I am definitely not a TV-hater. In fact, I would go so far as to say that I love TV. I just have a personal opposition to any new monthly bills - especially when it seems the typical cable or satellite bill is at least $50+ a month now. That's at least $600 a year!
If you too are fed up, here is the how-to on giving up your monthly TV bill, without giving up all your favourite shows.
10 years ago I would not have been in favour of burying our cable service. In the tradition of Dickens' (or maybe Back to the Future), the Ghost of TV Future (or future self, if you are cooler with the Marty McFly reference), would suggest the following list of things to consider to my past self re: giving up paid-for TV.
If you are thinking about quitting cable/satellite, this list might interest you too:
1. Don't quit cold turkey.We used to have the works, back when cable was the only show in town. We decided one weekend after watching a Top Ten '80s Rock Band Breakup Countdown on MuchMoreMusic, that perhaps having all these channels wasn't the best idea. There was literally always something that we could justify watching (we have a lot of interests). We took a break from our cable before we broke up entirely. We cut out some channels. Then we cut out some more. Soon we were down to basic cable. Then we ended things.
2. Baby Steps.
Next, we started to tinker with a mini-state antenna that Robin's father had kicking around. They are small and not nearly as ugly as the old-timey ones. We soon realised that most things we watched were, in fact, available free Over-The-Air (OTA). That's when we knew we could cut the cord (figuratively speaking. Rogers Cable had serious issues with us just chopping through their cable with a machete, so we actually just cancelled the service).
|Photograph of National Geographic Doc - HDTV for Free!|
3. Over-the-Air is much better than it used to be.
All you need is an antenna and a coax cable and you can have really high-quality TV signals for free. All TVs sold in the past few years have built-in TV tuners for HDTV signals. This past summer, Canada switched over to dedicated HDTV broadcasting. The US switched over nearly two years ago.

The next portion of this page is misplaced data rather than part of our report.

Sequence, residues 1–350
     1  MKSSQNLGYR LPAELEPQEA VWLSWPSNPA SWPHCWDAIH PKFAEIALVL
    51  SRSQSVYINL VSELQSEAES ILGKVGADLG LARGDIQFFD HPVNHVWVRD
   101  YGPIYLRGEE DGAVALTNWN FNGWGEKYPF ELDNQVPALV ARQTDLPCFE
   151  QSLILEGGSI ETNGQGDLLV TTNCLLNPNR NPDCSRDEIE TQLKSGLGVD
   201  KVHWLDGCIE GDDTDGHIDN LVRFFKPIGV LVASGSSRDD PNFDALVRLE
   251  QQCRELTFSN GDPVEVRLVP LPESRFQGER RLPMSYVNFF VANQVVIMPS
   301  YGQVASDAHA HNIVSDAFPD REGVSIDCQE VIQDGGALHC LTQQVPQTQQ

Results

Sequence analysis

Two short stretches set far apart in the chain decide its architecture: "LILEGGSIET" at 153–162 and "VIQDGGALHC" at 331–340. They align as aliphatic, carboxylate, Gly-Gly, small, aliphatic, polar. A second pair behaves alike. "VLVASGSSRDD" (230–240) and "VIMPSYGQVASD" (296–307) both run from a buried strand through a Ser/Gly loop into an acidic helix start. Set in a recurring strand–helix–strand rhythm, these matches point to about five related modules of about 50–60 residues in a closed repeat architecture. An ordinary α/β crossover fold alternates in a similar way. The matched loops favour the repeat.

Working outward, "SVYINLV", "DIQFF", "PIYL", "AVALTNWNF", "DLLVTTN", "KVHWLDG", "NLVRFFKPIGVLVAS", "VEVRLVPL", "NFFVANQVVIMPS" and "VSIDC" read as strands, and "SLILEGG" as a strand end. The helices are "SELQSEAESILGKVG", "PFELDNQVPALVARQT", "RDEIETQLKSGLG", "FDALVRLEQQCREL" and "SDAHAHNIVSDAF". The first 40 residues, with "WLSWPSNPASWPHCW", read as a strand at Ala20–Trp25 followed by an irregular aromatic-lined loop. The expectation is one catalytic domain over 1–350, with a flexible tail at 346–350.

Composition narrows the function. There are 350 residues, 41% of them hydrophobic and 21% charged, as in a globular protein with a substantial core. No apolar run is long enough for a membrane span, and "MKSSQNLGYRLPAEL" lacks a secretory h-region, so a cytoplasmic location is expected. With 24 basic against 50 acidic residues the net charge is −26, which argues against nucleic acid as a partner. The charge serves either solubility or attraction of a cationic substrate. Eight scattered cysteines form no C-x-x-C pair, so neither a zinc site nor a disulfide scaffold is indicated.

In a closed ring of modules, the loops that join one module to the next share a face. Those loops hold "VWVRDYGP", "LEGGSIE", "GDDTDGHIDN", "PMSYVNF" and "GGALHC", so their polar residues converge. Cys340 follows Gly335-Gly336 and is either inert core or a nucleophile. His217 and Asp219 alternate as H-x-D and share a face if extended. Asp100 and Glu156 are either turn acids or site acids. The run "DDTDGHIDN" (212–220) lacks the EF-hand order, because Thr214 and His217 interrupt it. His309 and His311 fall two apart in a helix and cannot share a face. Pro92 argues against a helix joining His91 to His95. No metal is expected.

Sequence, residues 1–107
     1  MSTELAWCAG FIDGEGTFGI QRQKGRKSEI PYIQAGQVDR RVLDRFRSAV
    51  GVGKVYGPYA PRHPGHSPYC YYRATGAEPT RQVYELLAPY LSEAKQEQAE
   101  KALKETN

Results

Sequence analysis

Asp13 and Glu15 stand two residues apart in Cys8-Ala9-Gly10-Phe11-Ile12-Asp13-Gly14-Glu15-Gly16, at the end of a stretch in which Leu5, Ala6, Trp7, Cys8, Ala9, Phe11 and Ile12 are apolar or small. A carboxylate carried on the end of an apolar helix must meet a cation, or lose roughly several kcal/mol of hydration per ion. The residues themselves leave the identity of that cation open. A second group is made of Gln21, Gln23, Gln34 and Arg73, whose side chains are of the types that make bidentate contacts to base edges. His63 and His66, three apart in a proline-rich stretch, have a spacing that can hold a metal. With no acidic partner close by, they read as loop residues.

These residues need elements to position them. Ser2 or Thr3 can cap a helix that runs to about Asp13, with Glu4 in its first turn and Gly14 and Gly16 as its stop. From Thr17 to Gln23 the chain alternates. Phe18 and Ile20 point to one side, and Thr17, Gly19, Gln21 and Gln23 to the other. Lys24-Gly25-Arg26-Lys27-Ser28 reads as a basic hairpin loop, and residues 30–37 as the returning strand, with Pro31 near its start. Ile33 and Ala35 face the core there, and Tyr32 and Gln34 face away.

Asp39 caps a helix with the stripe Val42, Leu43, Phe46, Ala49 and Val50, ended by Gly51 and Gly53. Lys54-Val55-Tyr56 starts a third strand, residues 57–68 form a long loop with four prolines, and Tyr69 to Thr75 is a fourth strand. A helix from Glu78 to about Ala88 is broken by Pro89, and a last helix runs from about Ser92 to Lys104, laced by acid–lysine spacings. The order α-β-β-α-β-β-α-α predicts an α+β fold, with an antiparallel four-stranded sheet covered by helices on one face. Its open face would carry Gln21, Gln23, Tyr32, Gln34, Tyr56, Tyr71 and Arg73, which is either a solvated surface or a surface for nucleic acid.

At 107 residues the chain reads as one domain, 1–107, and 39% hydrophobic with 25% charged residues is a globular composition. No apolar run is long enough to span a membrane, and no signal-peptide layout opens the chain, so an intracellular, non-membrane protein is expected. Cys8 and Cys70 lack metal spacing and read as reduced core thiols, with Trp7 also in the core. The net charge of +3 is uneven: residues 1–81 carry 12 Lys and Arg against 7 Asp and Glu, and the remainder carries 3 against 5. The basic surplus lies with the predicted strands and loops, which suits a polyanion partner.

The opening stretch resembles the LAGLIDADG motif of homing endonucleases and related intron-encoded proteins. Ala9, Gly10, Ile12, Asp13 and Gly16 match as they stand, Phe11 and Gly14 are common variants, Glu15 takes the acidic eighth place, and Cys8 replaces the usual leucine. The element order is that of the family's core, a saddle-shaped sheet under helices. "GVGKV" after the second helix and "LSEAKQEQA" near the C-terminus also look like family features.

4. Location Matters.
Your signal will be best if you live near an urban centre. We are about 1 hour from the CN Tower, and 2 hours from the US border, and get all the major networks, barring bad weather. We can get most of that stuff with a Mini-State antenna.
If you're curious about what is available in your area, check out TV FOOL. It is information dense (even by my nerdy standards) so it might overwhelm you. You don't need to understand it all, you just need to see that your address has some channels that you could likely receive consistently (ones in the green or light red zones). It also shows which directions the signals come from (for reference in How-To parts of the next post).
|Dino Dan! Not a great picture, but you can see my TV bezel in it so you know it is legit.|
5. You won't have 400 channels.
Do you need hundreds of channels? We can get most live programming - sports, sitcoms, dramas - from major networks which are either available locally (US) or duplicated (Canada). We don't get all of it, but we get enough at the right price.
As parents, we've found that 90% of TV watched in our house is kid based. Lots of good quality children's programming is free. In Canada, CBC has lots of kids stuff. In our province of Ontario, TVO runs children's programming all day, every day. In the US, PBS is your free kids' TV friend, and possibly your state too. Our antenna brings in PBS out of Buffalo, which gives us even more options.
6. Wade a bit, before you dive head first.
Do you still think you'd like to give the TV bill the heave-ho? If you live in or near a major urban centre you can give things a test first:
- Find an old pair of rabbit ears or get a cheapo antenna from The Source and try pointing it at the nearest urban centre.
- Let your HDTV do a 'Channel Scan'. If you get any results at all, they will only get better with real equipment (i.e. a better antenna or mounting outside/up high).
|HD NFL Playoffs|
Part 2 will be a full 'how to' on choosing and putting up an antenna, but in the meantime cut your pay-for TV package back and see if you get DTs or withdrawal. If it takes, you might be on your way to saving some (or lots of) money. And if not, hey, I hear you. I love TV, too.
Click here for TV for Free Part 2
How much would you save a year by cutting your cable/satellite? What would you do with that money?